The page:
Returning My Sister’s Face
By Eugie Foster, 2009
Reviewed by Erzebet YellowBoy
Returning My Sister’s Face and Other Far Eastern Tales of Whimsy and Malice is a collection of twelve tales by Eugie Foster, a first generation Chinese-American who offers us stories drawn from Chinese and Japanese folklore. Foster’s work has been nominated for the British Fantasy, Bram Stoker, Southeastern Science Fiction, Parsec, and Pushcart Awards, and it’s easy to see why as she delights and delivers on the title’s promise. Here we have whimsy in the shape of a tea-kettle, and malice in a beautiful woman’s face. All of the familiar characters are in attendance: the wicked step-mother, the magical item, the trickster, the shape-shifter, and the young woman who defies the odds and sometimes the immortals themselves. As if those weren’t enough, Foster also provides us with a postscript to each story, speaking of her inspiration, history and influence. This makes for a more personal read, and it works.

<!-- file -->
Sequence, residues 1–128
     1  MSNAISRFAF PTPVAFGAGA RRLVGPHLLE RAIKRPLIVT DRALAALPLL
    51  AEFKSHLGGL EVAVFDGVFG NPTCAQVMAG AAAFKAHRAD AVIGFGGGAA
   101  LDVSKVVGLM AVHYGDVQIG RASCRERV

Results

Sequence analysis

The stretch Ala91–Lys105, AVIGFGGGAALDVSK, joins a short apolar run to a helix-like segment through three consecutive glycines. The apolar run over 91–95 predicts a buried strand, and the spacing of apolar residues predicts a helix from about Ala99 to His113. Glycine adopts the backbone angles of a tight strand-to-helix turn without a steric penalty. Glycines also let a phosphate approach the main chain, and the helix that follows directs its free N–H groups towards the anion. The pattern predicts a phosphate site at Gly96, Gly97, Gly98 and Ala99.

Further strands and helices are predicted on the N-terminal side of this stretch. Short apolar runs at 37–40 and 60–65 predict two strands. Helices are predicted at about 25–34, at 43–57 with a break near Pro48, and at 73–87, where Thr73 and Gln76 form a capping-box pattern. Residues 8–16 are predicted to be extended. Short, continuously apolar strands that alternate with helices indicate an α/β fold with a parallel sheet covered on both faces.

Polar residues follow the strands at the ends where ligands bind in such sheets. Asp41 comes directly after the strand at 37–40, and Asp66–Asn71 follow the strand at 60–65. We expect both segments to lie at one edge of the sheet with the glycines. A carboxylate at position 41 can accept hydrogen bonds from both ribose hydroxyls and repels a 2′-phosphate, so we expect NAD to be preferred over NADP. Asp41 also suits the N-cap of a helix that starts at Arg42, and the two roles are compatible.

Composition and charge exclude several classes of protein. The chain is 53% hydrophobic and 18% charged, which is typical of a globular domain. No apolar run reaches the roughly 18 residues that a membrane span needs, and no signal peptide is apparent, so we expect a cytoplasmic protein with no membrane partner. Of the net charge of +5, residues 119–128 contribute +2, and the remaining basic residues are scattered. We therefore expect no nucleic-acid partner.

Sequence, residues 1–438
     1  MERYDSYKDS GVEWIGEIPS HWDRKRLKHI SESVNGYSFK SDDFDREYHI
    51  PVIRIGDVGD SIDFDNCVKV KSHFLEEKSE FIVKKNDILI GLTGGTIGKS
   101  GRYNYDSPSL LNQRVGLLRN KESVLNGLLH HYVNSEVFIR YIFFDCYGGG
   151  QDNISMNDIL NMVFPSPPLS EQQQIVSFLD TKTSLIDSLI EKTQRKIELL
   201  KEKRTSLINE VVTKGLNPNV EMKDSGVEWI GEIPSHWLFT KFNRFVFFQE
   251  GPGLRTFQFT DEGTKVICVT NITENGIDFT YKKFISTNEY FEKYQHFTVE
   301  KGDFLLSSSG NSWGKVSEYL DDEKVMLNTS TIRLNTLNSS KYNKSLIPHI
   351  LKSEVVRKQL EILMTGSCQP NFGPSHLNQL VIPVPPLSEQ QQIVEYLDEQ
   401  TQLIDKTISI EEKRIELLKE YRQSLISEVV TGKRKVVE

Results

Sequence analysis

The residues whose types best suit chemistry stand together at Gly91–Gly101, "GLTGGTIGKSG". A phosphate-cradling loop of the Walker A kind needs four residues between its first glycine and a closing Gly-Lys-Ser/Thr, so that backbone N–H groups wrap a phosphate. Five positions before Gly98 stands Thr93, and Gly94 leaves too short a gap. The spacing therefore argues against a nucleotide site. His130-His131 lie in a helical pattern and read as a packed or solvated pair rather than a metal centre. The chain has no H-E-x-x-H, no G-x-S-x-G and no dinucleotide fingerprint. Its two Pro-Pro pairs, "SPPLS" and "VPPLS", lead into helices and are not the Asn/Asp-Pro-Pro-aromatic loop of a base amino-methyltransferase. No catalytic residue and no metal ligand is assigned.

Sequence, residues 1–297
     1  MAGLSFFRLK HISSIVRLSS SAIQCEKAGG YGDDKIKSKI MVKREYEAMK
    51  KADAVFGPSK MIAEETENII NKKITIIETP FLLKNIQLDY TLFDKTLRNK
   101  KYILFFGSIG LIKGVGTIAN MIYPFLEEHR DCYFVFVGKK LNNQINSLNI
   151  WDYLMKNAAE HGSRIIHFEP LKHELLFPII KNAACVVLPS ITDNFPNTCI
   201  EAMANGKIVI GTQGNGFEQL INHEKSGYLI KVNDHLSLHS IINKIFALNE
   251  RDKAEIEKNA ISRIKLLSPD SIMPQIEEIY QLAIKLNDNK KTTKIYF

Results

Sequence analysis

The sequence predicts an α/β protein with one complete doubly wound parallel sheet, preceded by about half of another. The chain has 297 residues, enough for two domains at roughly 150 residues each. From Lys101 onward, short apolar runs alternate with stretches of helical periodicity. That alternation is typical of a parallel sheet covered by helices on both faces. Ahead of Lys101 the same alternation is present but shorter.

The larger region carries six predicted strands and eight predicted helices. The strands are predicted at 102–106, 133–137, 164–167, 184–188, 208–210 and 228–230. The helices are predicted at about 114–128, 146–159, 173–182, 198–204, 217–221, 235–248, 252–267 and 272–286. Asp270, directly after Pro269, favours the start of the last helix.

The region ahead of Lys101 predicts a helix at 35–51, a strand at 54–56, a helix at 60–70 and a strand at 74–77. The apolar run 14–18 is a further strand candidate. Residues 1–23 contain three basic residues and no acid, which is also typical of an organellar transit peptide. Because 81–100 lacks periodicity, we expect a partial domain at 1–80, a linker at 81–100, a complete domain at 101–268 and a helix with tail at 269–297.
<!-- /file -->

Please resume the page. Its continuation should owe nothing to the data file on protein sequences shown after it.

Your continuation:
Lovers of fairy and folk tales who crave, as I do, stories from cultures not their own will delight in these deceptively simple tales. They are layered with tragedy and superstition, with spirituality and most importantly, with a fine sense of the marvelous. Only “The Tears of My Mother, the Shell of My Father” is original to this collection; the others are reprints from Realms of Fantasy, GrendelSong, Cricket and others, spanning the years 2005 – 2008. I won’t comment on each of the tales individually, because I want you to savor this trove of treasures for yourself. I will tell you that “The Tiger Fortune Princess” is Foster’s take on both “Sleeping Beauty” and “Snow White”, and readers familiar with either tale will enjoy the twist. In “The Snow Woman’s Daughter”, we learn again not to question the devotion of one’s otherworldly lover, and in “A Thread of Silk”, we learn what it is to love. It seems as though we are right there as the lightning strikes in “Returning My Sister’s Face”, what I found to be the most profound of the stories. None of them let me down.
Many of the stories concern orphans who learn that their parents aren’t entirely human, and the theme of transformation runs thickly throughout the collection. The most common thread in these tales is the unquestioned existence of gods, demons and ancestral spirits. They are as much a part of daily life as is the kimono or a tea cup. They appear and disappear through the stories like wisps of smoke and thundering skies, causing chaos and bringing retribution to the unwary. Not all of the stories end happily, but that is as it should be. They do all end satisfactorily, and each provides us with a too-brief glimpse into the traditions and culture of the Far East.